I live near Chester Zoo in the UK- and by complete coincidence once came across a book about one of the Chester zoo keepers who raised a chimp in her home with her children comparing development. It was called er…LITTLE BROTHER (good title :-)) and was by June Johns and published 1970 – and just looked and there are a couple on Amazon co.uk if you’re interested (and haven’t come across it already).

    She had to let the chimp go because it got too big and difficult to handle, I think…

  4. Meanwhile, millions of lonely people, for the most part without advanced degrees in psychology or biology, are unknowingly conducting parallel experiments on kittens and puppies, attempting to raise them as if they were human children. So far, no success.

  5. As an undergraduate psychology major I practically lived in the Kellogg research building at Florida State. A case was set up in honor of him with some instruments he used. He was really quite a fascinating individual – Winthrop Niles Kellogg also studied echolocation in porpoises…and humans. It turns out that humans deaf from birth can differentiate not only glass from denim, but denim from velvet. “…denim cloth and velvet were differentiated 86.5% of the time.”

    http://www.psy.fsu.edu//history/wnk/

  6. No vladis, I suspect he meant deaf. As in able to differentiate the echo returning from glass vs denim vs velvet. I thing even I could tell them apart by touch.

    As for the nature/nurture debate. My understanding is that it shouldn’t even be put in those terms. It’s too simplistic. It goes both ways and your genes select the environment in which to express themselves.

  7. “I collect books by people who have raised apes in their homes.”

    –Boy if I had a dollar for every time I heard THAT.

  8. It’s ironic that despite the research acknowledging the emotional and affective abilities of the chimp, the poor thing still ended up being discarded like a mere tool. After being doted on like a human child by human ‘parents’, it was probably extremely distressing for Gua to adapt to different circumstances. No wonder she died soon after.

    I also wonder what effect it had on Donald to see his ‘sister’ abandoned in this fashion. This is not like losing a pet: They shared formative years together, as peers.

    I think this study’s most striking result is that even while closely studying emotion and intelligence for years, some humans can be totally out of touch from either.

  9. One day Kellog took both chimp and child out into the garden where there was an old-fashioned but functioning water pump. As he guided little Donald’s hand into the stream of water, he said “Water.”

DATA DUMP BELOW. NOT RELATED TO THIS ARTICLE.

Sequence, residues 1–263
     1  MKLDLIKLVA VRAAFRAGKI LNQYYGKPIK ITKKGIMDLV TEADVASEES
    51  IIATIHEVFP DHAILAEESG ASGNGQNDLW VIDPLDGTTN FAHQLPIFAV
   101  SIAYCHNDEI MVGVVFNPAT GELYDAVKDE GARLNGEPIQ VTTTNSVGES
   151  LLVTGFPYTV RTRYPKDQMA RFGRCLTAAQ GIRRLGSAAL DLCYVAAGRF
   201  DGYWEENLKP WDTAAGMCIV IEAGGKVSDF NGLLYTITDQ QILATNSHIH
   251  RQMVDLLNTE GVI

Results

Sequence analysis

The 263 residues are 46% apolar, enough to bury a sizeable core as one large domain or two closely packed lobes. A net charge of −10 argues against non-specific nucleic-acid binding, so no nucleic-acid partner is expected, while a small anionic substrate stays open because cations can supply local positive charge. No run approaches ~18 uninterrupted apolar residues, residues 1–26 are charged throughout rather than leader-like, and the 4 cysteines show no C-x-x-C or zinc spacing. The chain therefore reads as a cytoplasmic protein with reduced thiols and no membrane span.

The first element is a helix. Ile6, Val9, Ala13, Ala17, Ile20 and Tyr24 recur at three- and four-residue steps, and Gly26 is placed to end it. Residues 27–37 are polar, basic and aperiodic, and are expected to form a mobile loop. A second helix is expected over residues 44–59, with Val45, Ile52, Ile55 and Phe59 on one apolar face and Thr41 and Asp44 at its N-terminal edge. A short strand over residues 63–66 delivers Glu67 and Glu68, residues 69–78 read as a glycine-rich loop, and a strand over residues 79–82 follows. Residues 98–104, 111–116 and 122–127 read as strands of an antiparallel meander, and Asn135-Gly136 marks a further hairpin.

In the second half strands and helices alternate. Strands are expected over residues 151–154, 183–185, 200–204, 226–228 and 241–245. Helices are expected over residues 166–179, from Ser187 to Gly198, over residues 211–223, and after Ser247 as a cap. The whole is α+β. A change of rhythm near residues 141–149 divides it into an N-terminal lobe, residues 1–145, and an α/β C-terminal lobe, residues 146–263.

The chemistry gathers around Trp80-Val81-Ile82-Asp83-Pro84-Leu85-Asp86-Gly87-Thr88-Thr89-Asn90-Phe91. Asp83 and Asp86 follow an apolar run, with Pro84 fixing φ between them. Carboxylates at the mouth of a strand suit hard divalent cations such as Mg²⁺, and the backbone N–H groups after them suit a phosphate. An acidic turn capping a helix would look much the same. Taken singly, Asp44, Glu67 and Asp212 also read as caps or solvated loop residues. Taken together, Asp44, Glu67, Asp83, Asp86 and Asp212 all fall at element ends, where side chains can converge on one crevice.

“Wa-Wa,” the boy said.

    Then he did the same with the little chimp. “Water,” Kellog said.

    The chimp got wet.

  10. Stamp out Behaviorism in our lifetime, I say.

    Unconscionably abusive, both to the child and the chimp. I bet a list of Behaviorists who never did anything terrible to their children is identical to a list of childless Behaviorists.

  11. Shades of Tarzan!

    So, human children really do become more ape-like if raised with ape siblings. I guess Burroughs knew what he was talking about after all! ;-)

  12. After studying and sketching chimps at the Portland Zoo for a few days, my son and I wrote and illustrated a picture book for children called *The Boy Who Went Ape*. It was not a scientific endeavor, but we did key in on our inner apes. One chimp in particular, Delilah, was my age at the time (57) and would pose for me as I did quick charcoal studies, she was then curious to see the resulting pictures. I always have mixed feelings about animals in captivity. We learn about them. They on the other hand are fed and safe, but have lost their freedom.

  13. For a more positive take on the same scientific impulse, I recommend Next of Kin by Roger Fouts; he spent 30 years raising, teaching and communicating with Washoe via ASL.

  14. You will be sad to here that a young elephant passed away at Chester Zoo after developing a virus. We were down on holiday from Scotland, staying at one of the Ramada hotels in Chester, when we had taken the kids to the Zoo as a holiday treat – but me and my partner over heard the news, poor thing. The kids did not know anything so they had a great time. Apart from that I would still recommend the Zoo to anyone who loves animals.